Real life advice, real life value
First published on 23 of February 2015 • Updated 25 of July 2017
Professional financial advice isn’t free, so it needs to deliver tangible value. Jason Butler offers some real life examples in which the client’s financial outcome was worth many times the fees charged.
Value means different things to different people. In the context of financial advice, it usually means a financial payoff, and often an emotional one too. Emotional benefits may include feeling more financially secure, confident and organised, while financial payoffs might be better investment returns, lower taxes or higher annual income. To illustrate the tangible benefits that professional financial advice can deliver, here are some real-life examples. All are based on genuine clients, although names and some details have been changed to protect privacy.
The real cost of a tax-free pension lump sum
Gwen, 55, was about to retire after 30 years in the NHS. She was entitled to take her pension of £22,000 per annum, on top of which she would receive a tax-free lump sum of about £30,000. Gwen was tempted to take a reduced pension of £18,000pa in return for an additional tax-free lump-sum of £70,000.
We pointed out that it would cost about £180,000 to secure an inflation protected annuity from an insurance company, which meant that the £70,000 lump sum would not offer adequate compensation if she envisaged living at least as long as the average 55-year old. In addition, the £22,000pa unreduced pension would just about meet her living costs, whereas a reduced pension of £18,000pa would not. This meant that taking the higher pension would give Gwen much more flexibility to pursue her new career in life coaching, with the combined risks of inflation and of her living for a long time now taken care of by the UK taxpayer.
In simple terms, Gwen avoided a £110,000 financial shortfall that would have arisen from giving up £4,000pa of pension income and also the complication and hassle of having to invest the higher lump sum.
Keeping emotions in check
John came to us in 2006 to devise a long term financial plan and investment strategy for the proceeds of the sale of his business. We took several months to devise a sensible plan which included a generous cash reserve, globally diversified investment portfolio, non-aggressive tax planning and various charitable giving.
In February 2009 John became extremely concerned about the global financial crisis. At that stage the UK stockmarket had fallen about 50% and his long-term portfolio, which had 60% exposure to equities and commercial property, had fallen about 30% from its original value. John told us that he wanted to encash the entire portfolio and put it on deposit, as he was sure that the entire financial system was about to collapse.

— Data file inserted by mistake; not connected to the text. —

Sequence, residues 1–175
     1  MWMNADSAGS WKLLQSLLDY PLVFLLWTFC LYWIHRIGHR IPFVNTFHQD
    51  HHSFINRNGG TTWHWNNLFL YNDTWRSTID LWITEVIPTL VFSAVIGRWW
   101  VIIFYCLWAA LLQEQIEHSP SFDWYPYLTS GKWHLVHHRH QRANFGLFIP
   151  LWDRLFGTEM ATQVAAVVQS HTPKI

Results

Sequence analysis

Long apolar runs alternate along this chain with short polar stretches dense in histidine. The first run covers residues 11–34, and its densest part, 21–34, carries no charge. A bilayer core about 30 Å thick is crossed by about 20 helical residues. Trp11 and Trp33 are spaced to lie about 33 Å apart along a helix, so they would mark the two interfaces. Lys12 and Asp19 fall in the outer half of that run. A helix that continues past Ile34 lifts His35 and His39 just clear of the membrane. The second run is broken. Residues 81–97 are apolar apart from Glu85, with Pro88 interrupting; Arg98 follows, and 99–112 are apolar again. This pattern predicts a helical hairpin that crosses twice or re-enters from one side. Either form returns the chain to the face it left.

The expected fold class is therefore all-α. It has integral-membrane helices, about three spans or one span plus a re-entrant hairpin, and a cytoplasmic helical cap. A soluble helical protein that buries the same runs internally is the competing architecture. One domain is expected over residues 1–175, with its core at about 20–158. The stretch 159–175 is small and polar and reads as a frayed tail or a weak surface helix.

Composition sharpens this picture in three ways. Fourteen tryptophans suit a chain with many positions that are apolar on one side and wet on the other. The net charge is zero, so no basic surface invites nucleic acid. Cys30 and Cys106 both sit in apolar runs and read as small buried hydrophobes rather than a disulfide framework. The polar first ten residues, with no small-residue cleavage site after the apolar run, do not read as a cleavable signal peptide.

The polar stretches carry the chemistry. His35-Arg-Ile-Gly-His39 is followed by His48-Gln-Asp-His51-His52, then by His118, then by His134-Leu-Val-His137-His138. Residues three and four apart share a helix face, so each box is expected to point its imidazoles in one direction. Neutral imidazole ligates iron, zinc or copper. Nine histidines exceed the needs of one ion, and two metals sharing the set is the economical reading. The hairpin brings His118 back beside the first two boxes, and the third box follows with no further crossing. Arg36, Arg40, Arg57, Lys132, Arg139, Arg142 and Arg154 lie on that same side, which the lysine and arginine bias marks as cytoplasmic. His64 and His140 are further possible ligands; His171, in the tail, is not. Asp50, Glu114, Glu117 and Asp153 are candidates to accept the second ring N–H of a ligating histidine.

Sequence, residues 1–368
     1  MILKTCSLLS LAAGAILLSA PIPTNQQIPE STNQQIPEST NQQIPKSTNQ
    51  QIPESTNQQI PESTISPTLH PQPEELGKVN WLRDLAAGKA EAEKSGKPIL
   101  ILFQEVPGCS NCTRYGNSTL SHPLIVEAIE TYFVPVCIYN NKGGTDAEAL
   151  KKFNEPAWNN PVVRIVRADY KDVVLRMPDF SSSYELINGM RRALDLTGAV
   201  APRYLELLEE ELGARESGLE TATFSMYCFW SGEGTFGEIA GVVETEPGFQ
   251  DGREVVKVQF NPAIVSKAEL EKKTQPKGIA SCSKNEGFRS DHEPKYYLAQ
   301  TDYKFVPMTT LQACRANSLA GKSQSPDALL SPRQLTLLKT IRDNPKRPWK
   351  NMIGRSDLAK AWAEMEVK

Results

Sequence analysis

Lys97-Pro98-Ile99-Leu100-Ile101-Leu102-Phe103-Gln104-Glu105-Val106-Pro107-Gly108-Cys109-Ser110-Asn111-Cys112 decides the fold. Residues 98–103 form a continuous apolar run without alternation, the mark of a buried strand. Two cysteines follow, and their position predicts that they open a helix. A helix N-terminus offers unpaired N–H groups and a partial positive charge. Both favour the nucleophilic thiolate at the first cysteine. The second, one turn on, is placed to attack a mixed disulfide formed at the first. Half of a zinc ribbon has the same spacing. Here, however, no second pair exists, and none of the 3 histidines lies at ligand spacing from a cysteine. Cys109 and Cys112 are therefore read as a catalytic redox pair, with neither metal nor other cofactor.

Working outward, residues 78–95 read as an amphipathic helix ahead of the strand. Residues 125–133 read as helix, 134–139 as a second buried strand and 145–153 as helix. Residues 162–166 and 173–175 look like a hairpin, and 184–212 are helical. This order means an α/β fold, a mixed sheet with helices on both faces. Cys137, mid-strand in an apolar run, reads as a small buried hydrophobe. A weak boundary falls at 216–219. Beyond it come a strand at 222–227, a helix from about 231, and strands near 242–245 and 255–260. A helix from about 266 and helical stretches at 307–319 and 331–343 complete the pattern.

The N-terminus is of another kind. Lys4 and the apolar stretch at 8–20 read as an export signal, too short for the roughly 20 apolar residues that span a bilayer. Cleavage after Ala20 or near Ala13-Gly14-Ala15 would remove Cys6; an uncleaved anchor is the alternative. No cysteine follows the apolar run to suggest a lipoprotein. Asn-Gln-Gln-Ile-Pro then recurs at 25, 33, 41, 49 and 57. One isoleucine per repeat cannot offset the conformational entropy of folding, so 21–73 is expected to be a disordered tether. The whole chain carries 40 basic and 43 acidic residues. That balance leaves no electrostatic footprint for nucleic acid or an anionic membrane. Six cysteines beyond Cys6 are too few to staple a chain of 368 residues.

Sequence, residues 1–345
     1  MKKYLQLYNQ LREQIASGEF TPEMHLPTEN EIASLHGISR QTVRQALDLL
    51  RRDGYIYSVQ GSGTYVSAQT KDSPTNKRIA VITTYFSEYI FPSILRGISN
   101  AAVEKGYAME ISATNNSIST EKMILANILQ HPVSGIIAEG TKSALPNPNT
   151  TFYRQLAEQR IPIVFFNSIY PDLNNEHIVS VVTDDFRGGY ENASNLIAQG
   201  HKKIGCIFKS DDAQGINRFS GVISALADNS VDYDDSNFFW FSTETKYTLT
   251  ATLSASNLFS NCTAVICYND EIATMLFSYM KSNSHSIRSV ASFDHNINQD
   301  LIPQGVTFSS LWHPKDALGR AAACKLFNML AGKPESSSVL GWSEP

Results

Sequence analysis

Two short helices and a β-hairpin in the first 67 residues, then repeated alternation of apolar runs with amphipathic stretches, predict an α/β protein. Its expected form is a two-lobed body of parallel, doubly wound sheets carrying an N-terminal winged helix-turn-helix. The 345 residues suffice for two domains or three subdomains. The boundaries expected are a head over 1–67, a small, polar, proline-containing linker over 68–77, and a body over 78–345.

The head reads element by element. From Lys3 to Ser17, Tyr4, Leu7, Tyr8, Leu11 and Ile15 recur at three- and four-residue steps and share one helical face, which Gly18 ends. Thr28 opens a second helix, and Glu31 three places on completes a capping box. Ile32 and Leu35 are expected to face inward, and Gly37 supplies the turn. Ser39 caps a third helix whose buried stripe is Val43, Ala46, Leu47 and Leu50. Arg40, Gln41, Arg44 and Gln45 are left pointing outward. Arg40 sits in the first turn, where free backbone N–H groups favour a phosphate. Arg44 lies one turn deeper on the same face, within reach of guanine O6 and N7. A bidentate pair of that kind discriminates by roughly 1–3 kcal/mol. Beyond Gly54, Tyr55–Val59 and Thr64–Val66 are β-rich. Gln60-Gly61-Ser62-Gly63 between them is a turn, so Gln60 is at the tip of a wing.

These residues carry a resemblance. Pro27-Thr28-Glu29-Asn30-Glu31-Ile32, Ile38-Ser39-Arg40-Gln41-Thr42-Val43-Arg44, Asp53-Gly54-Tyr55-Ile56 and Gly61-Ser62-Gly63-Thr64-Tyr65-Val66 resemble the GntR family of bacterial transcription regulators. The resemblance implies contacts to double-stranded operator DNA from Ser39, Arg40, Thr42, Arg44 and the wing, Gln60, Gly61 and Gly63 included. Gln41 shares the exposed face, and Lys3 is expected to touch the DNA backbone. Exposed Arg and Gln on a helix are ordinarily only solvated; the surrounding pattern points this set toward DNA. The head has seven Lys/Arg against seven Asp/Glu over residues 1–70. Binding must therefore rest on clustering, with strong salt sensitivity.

We spent time with him so that he could fully articulate his concerns and worries. We acknowledged that it was perfectly understandable to feel anxious in the circumstances. We referred back to other global financial crises that had happened over the previous hundred years, and explained the effect of these on investment markets in the short and long term. In addition we pointed out that John had a cash reserve which was much higher than he needed, which would enable him to wait for stockmarkets to recover, whenever that might be.
Coincidentally, the month of our meeting was the low point for world stock markets. The FTSE All Share index rose by around 100% over the next few years, back to its previous level. John’s portfolio also recovered, and I’m pleased to say that to date it has grown in value by a significant premium over inflation. Had John not had the context of his financial plan, an adequate cash reserve and the support of his adviser, he would probably have sold his portfolio and made a temporary stock market crash into a permanent loss of his capital. In John’s case, the financial benefit delivered from good advice was in the order of £1m, which was many, many times the multiple of fees charged.
Avoiding toxic products
Darren, a very successful businessman, asked us some years ago if we would arrange an investment into a hedge fund about which he had read. He liked the people behind the fund and really felt that he could make a lot of money by investing in what appeared to be a very sure bet.
We pointed out why our firm did not like hedge funds (high costs, lack of transparency, reliance on manager skill and a much higher likelihood of total loss of capital) and that we would not be prepared to arrange this investment for him, because we did not agree that it was in his best interests. Because the hedge fund was an offshore unregulated fund, investment had to be arranged through a qualified financial adviser.
Darren became rather frustrated that we wouldn’t agree to arrange the investment, because without our involvement the fund distributor wouldn’t allow him to invest. We re-iterated to Darren why we would not arrange the transaction for him, and made it clear that we were prepared to cease being his advisers if he insisted on it as a condition of his custom.
Darren eventually realised that if we were prepared to lose him as a client, rather than accede to his demands, we might have a point. He agreed with our advice and did not invest. The hedge fund eventually went bust when the global financial crisis unfolded, so Darren avoided losing a substantial amount of capital.
Knowledge + experience = wisdom
As the above examples illustrate, good advice is often as much about not doing certain things as it is about saving, investing and insuring. Today’s UK authorised independent financial advisers are among the best and most heavily regulated in the world. Good advice is not free, and nor should it be – because if properly given, it should in any case return many times its costs in the form of good financial outcomes.
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